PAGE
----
Hey, the kids are alright
By Lee Russ
Monday, August 07, 2006 at 05:34 PM
Lots of progressives voice fears that the kids in the U.S. just don't understand what's being done to the country. I've probably bemoaned that very thing as I looked around a political meeting to find that I, in my 50s, was one of the youngest people present. But...Here comes the Bloomberg/Los Angeles Times poll of Americans age 18 to 24 to resurrect hope for the future:
A Bloomberg/Los Angeles Times poll of Americans age 18 to 24 found Bush's approval rating was 20 percent, with 53 percent disapproving and 28 percent with no opinion. That compares to a 40 percent approval rating among Americans of all ages in a separate Bloomberg/Times poll.
The Bloomberg/Los Angeles Times poll found Bush got slightly higher approval ratings from religious young Americans than from those who consider themselves non-religious.
For example, 26 percent of those age 18 to 24 who consider themselves religious approve of the job Bush is doing, compared with 12 percent of those who say they are non-religious. The poll surveyed 811 adults aged 18-24 and 839 minors aged 12-17. It was taken June 23 to July 2 and has a margin of error of 3 percentage points.
If early indications are a guide, Bush and the Republicans also have a challenge with the next wave of young voters. The poll found his approval rating was 21 percent among those age 12 to 17, with 44 percent disapproving and 35 percent having no opinion.
And among embryos, rumored to be predisposed toward the President, there was a shockingly low approval of only 2.2% (of course I'm kidding).
Why does Bush care about the youth vote, you say?
Much like Franklin Roosevelt attracted a new generation of voters with the New Deal, Bush and his administration have had high hopes of drawing younger voters to his party. He has sought to do that through policy initiatives aimed at creating an ``ownership society,'' and public relations tactics like a Youth Convention at the party's 2004 national convention, in which his twin daughters took the stage.
Among the initiatives aimed at drawing a new generation into the Republican fold are health-care savings accounts, elimination of the so-called marriage penalty in the U.S. tax code, and Bush's proposal to create private investment accounts from a portion of Social Security payroll taxes. `Younger Americans really want to see some leadership,'' Bush said last year as he launched his Social Security plan.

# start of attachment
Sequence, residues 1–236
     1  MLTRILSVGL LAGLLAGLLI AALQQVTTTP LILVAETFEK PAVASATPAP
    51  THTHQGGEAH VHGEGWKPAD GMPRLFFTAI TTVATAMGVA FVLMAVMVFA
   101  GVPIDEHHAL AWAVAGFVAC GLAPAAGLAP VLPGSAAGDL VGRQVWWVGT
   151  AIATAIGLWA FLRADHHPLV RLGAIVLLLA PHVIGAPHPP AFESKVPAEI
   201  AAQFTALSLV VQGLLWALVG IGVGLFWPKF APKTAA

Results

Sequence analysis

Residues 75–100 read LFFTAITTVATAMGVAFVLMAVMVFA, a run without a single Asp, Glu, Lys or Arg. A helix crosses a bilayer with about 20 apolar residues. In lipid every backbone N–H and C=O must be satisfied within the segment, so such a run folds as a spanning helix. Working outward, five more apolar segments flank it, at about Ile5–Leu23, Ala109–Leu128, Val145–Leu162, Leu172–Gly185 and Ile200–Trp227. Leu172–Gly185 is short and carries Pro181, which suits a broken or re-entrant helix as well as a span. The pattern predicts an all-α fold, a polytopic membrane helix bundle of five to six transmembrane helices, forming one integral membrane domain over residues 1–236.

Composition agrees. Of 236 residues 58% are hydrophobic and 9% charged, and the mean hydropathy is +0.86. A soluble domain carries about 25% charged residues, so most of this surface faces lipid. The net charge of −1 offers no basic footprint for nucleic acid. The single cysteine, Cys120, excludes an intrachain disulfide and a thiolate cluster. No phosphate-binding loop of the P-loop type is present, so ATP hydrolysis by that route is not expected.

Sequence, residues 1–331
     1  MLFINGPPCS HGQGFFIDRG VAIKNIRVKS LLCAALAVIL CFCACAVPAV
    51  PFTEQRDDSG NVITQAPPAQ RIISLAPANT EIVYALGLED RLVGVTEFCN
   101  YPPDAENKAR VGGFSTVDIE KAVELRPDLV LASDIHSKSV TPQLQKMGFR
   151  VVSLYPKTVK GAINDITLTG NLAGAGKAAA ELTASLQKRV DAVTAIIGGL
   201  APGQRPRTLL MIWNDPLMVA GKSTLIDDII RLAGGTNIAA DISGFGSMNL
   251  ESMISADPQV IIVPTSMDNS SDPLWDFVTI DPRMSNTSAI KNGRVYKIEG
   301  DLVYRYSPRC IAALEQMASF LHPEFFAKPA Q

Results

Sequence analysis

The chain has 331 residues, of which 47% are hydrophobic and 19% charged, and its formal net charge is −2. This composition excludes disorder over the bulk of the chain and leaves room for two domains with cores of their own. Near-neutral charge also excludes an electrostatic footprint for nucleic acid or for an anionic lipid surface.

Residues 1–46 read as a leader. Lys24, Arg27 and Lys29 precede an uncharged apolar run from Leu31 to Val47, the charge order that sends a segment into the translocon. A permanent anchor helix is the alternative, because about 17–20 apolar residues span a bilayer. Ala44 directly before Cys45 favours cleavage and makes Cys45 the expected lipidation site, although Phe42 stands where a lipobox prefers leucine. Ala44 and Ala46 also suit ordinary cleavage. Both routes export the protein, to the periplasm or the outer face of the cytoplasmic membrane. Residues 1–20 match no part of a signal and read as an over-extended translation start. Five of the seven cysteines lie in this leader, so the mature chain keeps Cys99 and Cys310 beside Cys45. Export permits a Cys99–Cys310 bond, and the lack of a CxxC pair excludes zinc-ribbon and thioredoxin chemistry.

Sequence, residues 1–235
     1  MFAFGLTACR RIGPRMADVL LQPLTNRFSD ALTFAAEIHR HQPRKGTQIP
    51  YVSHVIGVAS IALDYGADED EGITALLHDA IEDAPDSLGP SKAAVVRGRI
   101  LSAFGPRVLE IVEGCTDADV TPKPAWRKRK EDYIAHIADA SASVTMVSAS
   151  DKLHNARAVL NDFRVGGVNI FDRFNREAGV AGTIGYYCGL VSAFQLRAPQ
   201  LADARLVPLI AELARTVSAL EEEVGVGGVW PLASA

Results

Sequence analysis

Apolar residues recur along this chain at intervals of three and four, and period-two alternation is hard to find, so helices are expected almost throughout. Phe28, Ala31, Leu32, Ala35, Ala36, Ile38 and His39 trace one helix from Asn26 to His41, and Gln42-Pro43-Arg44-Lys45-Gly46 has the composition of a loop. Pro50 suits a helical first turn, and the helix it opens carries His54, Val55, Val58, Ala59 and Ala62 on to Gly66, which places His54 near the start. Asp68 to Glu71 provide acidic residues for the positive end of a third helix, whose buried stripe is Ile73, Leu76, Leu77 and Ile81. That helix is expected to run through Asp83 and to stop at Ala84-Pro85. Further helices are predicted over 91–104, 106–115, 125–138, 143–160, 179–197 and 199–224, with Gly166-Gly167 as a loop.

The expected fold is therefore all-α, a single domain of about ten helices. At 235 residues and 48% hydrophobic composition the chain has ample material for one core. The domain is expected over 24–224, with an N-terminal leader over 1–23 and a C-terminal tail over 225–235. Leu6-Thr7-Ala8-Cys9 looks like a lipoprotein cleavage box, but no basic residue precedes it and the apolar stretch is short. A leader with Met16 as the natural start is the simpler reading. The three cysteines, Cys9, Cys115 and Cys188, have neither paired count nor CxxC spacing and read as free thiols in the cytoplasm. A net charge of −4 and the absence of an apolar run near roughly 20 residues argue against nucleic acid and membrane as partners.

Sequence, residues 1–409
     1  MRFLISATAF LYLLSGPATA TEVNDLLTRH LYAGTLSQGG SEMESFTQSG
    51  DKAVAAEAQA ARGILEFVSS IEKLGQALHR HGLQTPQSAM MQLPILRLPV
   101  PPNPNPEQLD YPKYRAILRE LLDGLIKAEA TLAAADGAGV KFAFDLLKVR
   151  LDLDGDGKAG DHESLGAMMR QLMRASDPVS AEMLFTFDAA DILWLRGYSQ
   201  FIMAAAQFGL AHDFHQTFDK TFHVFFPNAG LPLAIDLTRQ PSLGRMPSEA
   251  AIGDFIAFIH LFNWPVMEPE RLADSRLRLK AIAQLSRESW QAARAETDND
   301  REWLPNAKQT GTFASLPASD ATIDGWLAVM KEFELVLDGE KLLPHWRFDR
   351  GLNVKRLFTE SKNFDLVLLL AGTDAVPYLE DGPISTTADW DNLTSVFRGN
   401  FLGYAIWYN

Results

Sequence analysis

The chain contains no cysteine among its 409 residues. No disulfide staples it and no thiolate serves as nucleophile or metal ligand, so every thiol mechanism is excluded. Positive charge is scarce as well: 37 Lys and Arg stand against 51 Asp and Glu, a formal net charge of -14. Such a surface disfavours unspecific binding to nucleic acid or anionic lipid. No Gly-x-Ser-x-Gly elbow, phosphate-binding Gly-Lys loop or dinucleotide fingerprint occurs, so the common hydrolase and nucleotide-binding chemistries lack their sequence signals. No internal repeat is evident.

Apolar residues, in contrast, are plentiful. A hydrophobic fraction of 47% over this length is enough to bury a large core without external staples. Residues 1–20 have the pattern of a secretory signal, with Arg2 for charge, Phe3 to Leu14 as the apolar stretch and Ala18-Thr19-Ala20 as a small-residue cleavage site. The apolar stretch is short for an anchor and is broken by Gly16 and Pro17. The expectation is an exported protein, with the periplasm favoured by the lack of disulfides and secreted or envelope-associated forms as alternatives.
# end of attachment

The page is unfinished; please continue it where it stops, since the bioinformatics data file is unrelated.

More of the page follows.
Instead, the Social Security initiative flopped in Congress after attracting criticism from the public and lawmakers of both parties, and health-care savings accounts haven't done much to expand coverage, with only about 1 percent of the U.S. population currently participating in them.
Bush's 2004 re-election strategy also may have damaged his party's standing with younger voters by stressing things intended to drive religious voters concerned about social issues to the ballot box, such as opposition to gay marriage.
``The very cultural issues the president wants to use to rally his party's base are exactly the issues that are alienating younger voters,'' said Ross Baker, a political scientist at Rutgers University in New Brunswick, New Jersey. ``Across a broad swath of social issues, younger Americans see the administration as being out of line with what they believe.''
The war in Iraq is also a major factor driving down public opinion among young voters, said Hans Riemer, political director at Rock the Vote, a group that works to get young people involved in civic life.
``Young people take it very personally,'' he said. ``They feel like it's their generation that's been asked to sacrifice.''